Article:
What is flawed people can make a difference?
Michelle wanted her history class to see that early twentieth-century philanthropists, such as the Rockefellers and Andrew Carnegie, were flawed individuals who nevertheless changed the nation.
“John D. Rockefeller and his son, John D. Jr., believed that the wealth they accumulated in the oil business should be used to improve the lives of people throughout the world. They were motivated by a sense that their riches were a trust God had given them for good purposes. Many of their contemporaries questioned the ethics John D. had employed to amass the fortune, despite his mealtime devotions and the fact that he taught Sunday school at the Baptist church he attended.
“Both of them, father and son, became systematic givers who distributed funds to museums, schools, universities and colleges, missionary causes, theological schools, local churches (including the Riverside Church in New York City), and medical research. While they were making these worthy contributions to society, the workers at a mine the family owned in Ludlow, Colorado, staged a fifteen-month-long strike for improved working conditions. On April 20, 1914, when the state national guard attacked a tent settlement in which the strikers’ families lived, approximately two dozen individuals, including eleven children, died from a combination of bullet wounds, fire, and asphyxiation.
“After providing this historical background to the students, they researched different Christian philanthropists and reformers, following a prescribed format that required students to look at the philanthropists’ and reformers’ strengths and weaknesses; they then wrote a short summary of their findings. We talked about the Christian motivation of these people, their achievements, and their mistakes and inconsistencies. We discussed and critiqued Christian belief and action. All of the people researched had blind spots, and I asked the students to reflect for moment on what future generations might say our blind spots were. We, too, are flawed; but by God’s grace, we also can make a difference. I ended with a few slides about modern day Christian reformers.”
What's going on here?
Michelle saw history as a way of encouraging students by showing them that because of God’s grace, flawed people can still hope to make a difference, and also how good intentions can go along with bad choices. She connected history learning to questions of justice.
She reshaped her practice by choosing faith examples and guiding questions, using a presentation to set the focus, choosing tasks that supported the focus (Christian philanthropists and reformers, strengths and weaknesses research), using discussion to connect with faith, and planning time for reflection (our blindspots).
What does this have to do with faith, hope, and love?
Looking at history in this way doesn’t see change as something only heroes do; it says that ordinary, flawed people can all play a part in bringing hope to others by being agents of change with the help of the Holy Spirit. The Bible describes this as “sowing”: putting time, love, skill, effort, and money into others (2 Corinthians 9:6-7). Service should distinguish the Christian way of life at work, in the home, in communities, and in relationships in imitation of Christ, the servant. At the same time, this focus emphasizes that faith and love need to be consistently worked out in all of life.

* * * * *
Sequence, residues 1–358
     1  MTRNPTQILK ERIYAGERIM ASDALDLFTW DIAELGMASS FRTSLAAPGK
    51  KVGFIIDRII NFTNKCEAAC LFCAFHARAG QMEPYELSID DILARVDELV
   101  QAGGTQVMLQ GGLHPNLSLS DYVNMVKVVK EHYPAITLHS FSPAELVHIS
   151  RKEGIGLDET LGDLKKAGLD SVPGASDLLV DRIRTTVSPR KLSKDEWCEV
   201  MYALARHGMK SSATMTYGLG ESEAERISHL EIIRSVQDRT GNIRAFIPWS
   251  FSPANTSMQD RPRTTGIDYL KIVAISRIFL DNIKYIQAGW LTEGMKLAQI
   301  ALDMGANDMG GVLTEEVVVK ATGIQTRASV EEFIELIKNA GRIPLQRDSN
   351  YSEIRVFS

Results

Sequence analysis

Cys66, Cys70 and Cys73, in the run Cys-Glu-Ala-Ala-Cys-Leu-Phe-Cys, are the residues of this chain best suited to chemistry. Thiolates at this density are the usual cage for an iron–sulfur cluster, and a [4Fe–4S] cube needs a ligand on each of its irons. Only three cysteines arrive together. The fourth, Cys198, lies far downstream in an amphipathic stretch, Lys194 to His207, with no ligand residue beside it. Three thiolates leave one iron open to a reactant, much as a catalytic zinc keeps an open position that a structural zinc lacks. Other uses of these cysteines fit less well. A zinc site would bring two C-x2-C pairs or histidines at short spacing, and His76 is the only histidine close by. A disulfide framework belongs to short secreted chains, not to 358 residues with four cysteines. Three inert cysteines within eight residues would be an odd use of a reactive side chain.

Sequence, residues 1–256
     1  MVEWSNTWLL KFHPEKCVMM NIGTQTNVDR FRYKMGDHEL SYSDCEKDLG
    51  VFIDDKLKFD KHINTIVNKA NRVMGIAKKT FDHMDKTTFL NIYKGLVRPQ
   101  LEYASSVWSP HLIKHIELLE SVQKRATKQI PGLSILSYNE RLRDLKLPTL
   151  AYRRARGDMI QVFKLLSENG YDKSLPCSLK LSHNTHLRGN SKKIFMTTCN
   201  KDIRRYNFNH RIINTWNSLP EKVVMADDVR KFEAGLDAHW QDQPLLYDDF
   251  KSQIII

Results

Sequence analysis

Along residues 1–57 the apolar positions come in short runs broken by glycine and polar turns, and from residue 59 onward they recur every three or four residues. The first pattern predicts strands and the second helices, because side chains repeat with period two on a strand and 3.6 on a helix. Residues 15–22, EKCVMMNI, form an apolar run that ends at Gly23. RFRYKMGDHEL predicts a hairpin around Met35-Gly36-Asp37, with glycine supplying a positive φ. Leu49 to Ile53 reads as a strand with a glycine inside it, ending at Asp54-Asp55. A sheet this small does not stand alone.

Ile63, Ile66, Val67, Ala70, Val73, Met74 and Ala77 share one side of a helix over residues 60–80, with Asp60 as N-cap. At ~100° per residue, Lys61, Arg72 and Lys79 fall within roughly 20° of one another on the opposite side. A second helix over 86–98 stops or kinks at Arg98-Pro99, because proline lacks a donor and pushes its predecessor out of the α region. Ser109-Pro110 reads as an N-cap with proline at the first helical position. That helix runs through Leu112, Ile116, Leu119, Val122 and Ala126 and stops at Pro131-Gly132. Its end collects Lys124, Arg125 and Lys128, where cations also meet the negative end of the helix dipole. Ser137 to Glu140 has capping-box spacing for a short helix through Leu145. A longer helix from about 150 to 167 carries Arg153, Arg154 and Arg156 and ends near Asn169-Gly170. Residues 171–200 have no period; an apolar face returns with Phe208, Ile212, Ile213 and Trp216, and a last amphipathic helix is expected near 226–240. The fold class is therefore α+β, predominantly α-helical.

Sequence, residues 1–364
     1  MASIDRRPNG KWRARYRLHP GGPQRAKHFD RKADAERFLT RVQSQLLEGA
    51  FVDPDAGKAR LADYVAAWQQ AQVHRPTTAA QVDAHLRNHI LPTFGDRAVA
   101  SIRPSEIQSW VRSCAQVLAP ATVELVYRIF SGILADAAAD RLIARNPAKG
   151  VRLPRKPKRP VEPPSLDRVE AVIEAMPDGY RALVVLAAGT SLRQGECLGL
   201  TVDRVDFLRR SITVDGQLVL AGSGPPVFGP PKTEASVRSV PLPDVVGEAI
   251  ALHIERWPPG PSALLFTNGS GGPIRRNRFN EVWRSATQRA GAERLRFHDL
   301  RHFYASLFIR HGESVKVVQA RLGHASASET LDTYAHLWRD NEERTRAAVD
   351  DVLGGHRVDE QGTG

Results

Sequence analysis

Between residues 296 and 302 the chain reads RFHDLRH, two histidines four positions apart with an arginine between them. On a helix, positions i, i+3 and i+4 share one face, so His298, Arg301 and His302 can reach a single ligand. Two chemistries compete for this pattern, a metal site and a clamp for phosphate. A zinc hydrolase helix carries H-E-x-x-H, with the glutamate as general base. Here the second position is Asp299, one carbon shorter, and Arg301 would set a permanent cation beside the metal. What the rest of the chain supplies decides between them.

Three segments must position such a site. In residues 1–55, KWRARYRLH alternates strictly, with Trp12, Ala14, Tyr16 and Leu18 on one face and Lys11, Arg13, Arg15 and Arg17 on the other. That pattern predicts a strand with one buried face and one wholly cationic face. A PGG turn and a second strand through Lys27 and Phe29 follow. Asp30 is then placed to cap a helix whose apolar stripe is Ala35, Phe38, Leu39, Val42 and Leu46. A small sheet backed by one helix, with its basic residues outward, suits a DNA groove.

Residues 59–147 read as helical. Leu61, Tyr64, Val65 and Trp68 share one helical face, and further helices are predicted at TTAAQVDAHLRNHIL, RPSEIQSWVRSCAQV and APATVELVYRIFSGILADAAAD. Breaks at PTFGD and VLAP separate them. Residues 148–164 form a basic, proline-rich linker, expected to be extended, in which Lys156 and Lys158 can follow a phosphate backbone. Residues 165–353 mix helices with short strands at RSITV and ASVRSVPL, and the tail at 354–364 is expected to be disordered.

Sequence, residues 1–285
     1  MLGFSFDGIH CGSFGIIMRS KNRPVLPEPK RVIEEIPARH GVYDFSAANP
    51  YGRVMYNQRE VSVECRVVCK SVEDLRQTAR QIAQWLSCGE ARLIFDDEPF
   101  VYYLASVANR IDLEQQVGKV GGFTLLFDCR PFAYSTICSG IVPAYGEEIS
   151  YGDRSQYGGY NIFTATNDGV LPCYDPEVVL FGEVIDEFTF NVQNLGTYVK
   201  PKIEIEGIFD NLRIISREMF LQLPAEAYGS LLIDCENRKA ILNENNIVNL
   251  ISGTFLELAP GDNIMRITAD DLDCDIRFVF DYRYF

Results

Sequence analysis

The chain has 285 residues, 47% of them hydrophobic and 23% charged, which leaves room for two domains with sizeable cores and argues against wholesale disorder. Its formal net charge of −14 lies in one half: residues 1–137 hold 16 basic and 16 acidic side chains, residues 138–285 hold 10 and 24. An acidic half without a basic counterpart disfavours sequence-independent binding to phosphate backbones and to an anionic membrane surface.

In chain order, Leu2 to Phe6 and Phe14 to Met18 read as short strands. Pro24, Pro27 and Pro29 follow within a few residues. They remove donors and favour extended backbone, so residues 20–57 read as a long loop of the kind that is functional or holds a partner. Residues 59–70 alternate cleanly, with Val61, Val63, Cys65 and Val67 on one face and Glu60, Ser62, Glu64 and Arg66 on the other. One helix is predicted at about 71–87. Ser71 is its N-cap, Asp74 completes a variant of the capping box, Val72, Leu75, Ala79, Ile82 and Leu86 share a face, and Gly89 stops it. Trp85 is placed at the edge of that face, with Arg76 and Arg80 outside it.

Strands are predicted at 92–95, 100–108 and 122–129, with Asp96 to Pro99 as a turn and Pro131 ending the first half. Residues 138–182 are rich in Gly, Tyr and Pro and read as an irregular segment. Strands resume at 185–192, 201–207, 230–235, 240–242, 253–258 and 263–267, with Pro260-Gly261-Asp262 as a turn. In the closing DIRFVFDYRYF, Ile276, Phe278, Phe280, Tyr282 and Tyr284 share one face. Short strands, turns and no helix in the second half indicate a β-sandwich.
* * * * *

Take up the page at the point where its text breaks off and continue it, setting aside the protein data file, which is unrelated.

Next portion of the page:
What difference does it make?
Michelle changed the way her students viewed philanthropy. She helped her students see both the positive changes that can be brought about by flawed people, and the pitfalls when charitable intentions in one area of life are not consistently followed through in other aspects of life.
Where could we go from here?
Students can look at other philanthropists and reformers and their motivation. They could also look at Christians whose faith appears to have motivated them to make life worse for some people. This opens up discussion of when and why religion goes wrong, and of ways in which our own lives are characterized by noble motivations in some areas and failings in others.
Bringing about change often starts as anger over injustice or wrong and wanting to do something about it.
Hope has two beautiful daughters. Their names are anger and courage; anger at the way things are, and courage to see that they do not remain the way they are. St. Augustine
The news is often depressing, and it is easy to feel that nothing can be changed. Christians are not immune to this feeling, but the eye of faith sees hope in the midst of the bad news. The Bible states that the decisive battle with evil was won by Jesus through his life, death, and resurrection (1 Corinthians 15:55-56 ). Evil is still active, but the outcome is not in doubt: evil does not win. The cross is not just about personal faith in Christ and God transforming individuals; it’s about hope for the whole world (Colossians 1:15-20, Romans 8:21-22).
Good is stronger than evil; love is stronger than hate; light is stronger than darkness; life is stronger than death. Bishop Desmond Tutu
Christians are not called to be agents of change on their own; they are to work together and through the power of the Holy Spirit (Acts 4:32-34). It is easy to become discouraged and give up trying to change things, but Christians are called to be encouragers so that change does happen. God is called the “God of all encouragement” (2 Corinthians 1:3-4). The Apostle Paul called on people to encourage each other and build each other up (1 Thessalonians 5:11).
Christians are called to serve as a community, drawing on the gifts God has given them. The Bible calls people to work for the well-being of the place where they live (Jeremiah 29:7 ), fostering love and justice. Christians should be good citizens, ready to do good for others in their community.
The duty is now emphasized of serving God in the world, in every position in life. Abraham Kuyper